I’m not sure why but many “grown up Alice in Wonderland” comic books take a certain adult spin on the story. Yes, while it’s true that The Weirding Willows has our grown up Alice wandering around without any trousers on for the opening panels she soon dresses and it is not really that sort of story.
I’m not entirely sure what sort of story The Weirding Willows is. It’s a multi-mega-mashup. We’ve Alice from the Alice in Wonderland series and her father. There’s also the Wicked Witch of the West, a purple dinosaur, Frankenstein’s Monster, Mr Badger, Mr Toad, Tarzan and many more.
Author Dave Elliott noticed how many interesting stories were set in the last few years of the 19th century and from that the multi-weave began. We’re told that this is just the first of a series of stories and that it only hints at the huge mashup potential.
The question is; does it work?
I think it does. The story is a little busy with so many characters but the core threads are strong and easy to follow. One of these core threads is the relationship between Alice and her (no spoilers) surprise choice of father. Another of these core threads is a purple dinosaur.
I wouldn’t call it a “core thread” but this introduction to The Weirding Willows introduces us to the mythology. There are portals between worlds. The portals are collected in the area of The Weirding Willows. It is only in The Weirding Willow that the animals retain their human-like characteristics. Crossing out of The Weirding Willows as one of these animals is a bad idea.
The art helps hugely. The work by Barnaby Bagenda and Sami Basri is superb. You’ll recognise characters you may only have read about in books from how they look in this graphic novel. Equally, those iconic characters which have had memorable films (or animations) look as you would expect. Whereas you might worry slightly about the added complexity of a new character, if even just a cameo, but there’s always the delight in seeing the new character brought to life.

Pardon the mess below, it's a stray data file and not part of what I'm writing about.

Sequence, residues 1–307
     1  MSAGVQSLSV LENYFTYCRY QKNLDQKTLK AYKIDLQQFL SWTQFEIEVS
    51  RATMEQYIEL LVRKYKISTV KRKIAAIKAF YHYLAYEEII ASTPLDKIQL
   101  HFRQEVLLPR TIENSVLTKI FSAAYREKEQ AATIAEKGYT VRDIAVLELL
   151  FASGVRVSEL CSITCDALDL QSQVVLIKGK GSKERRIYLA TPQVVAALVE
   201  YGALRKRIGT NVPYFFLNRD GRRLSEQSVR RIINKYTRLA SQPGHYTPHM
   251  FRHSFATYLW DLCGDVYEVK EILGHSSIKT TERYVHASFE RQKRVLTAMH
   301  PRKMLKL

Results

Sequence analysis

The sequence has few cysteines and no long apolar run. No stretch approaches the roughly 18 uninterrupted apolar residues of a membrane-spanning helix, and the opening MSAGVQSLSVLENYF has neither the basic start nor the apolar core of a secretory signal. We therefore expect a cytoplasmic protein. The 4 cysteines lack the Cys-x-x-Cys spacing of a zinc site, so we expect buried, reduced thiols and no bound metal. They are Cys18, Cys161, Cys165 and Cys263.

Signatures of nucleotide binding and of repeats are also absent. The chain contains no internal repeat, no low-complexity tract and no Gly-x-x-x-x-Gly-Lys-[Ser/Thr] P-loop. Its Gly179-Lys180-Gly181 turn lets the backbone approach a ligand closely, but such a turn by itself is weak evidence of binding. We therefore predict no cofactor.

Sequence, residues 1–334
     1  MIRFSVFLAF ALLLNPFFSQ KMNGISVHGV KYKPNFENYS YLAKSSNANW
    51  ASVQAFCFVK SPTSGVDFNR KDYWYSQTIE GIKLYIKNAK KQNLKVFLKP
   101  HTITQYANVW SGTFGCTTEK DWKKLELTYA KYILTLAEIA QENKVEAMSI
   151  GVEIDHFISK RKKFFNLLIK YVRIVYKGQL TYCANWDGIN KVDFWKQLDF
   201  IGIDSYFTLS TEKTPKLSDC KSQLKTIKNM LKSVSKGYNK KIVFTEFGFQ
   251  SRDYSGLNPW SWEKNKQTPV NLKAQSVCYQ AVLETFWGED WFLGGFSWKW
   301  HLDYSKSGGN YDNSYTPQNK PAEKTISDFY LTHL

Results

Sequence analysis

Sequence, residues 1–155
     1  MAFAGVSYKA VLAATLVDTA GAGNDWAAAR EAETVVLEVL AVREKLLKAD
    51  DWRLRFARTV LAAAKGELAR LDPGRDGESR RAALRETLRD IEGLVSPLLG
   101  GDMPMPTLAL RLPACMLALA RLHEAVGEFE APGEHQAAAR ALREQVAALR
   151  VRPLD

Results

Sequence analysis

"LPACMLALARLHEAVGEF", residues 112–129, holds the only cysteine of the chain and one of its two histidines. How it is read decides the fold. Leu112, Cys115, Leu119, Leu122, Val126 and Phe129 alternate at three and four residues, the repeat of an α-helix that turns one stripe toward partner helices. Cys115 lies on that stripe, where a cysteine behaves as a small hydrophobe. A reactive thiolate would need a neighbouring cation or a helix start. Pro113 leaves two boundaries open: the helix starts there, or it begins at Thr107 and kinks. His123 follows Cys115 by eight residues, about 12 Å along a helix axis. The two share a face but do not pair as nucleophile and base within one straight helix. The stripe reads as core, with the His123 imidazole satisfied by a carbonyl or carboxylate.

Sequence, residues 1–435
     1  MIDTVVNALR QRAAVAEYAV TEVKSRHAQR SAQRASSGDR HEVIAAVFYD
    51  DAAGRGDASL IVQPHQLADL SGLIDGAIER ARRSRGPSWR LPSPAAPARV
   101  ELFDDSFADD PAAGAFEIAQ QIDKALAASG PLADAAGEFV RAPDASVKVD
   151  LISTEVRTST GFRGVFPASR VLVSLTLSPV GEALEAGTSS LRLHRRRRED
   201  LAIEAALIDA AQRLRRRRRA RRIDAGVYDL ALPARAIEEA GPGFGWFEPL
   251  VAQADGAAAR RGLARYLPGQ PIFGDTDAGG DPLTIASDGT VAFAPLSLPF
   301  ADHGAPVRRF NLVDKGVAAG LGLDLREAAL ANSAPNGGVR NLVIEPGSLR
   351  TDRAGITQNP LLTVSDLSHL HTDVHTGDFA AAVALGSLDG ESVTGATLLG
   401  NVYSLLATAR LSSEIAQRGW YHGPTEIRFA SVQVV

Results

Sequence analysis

I’m not sure the humans do very in the book; especially the older ones. I suppose that’s appropriate given the collected characters. That said, given some old favourites appear in The Weirding Willows as baddies or makers-of-mistakes it does lend itself to wishing everyone just get along and work it out.
I didn’t whiz through The Weirding Willows. I read the 104-paged hard back in three doses. I think that speaks to how packed it was and how you can’t really casually flick through the graphic novel if you’re tired. This book demands your attention.
Despite not zipping through the graphic novel I certainly enjoyed it. I’d like to see a sequel. I’d like to get deeper into the mythology of the place and the background of the world. I’m a little cautious about the roster of characters expanding again but intrigued too.
Overall; great art, clever mash-up and a good read.
This video tour of the hardback comic book was created with Google+. It uses filters and my bad photography.
My copy of The Weirding Willows was provided for review. Dave Eillot, Barnaby Bagenda and Sami Basri. Titan Comics and A1.
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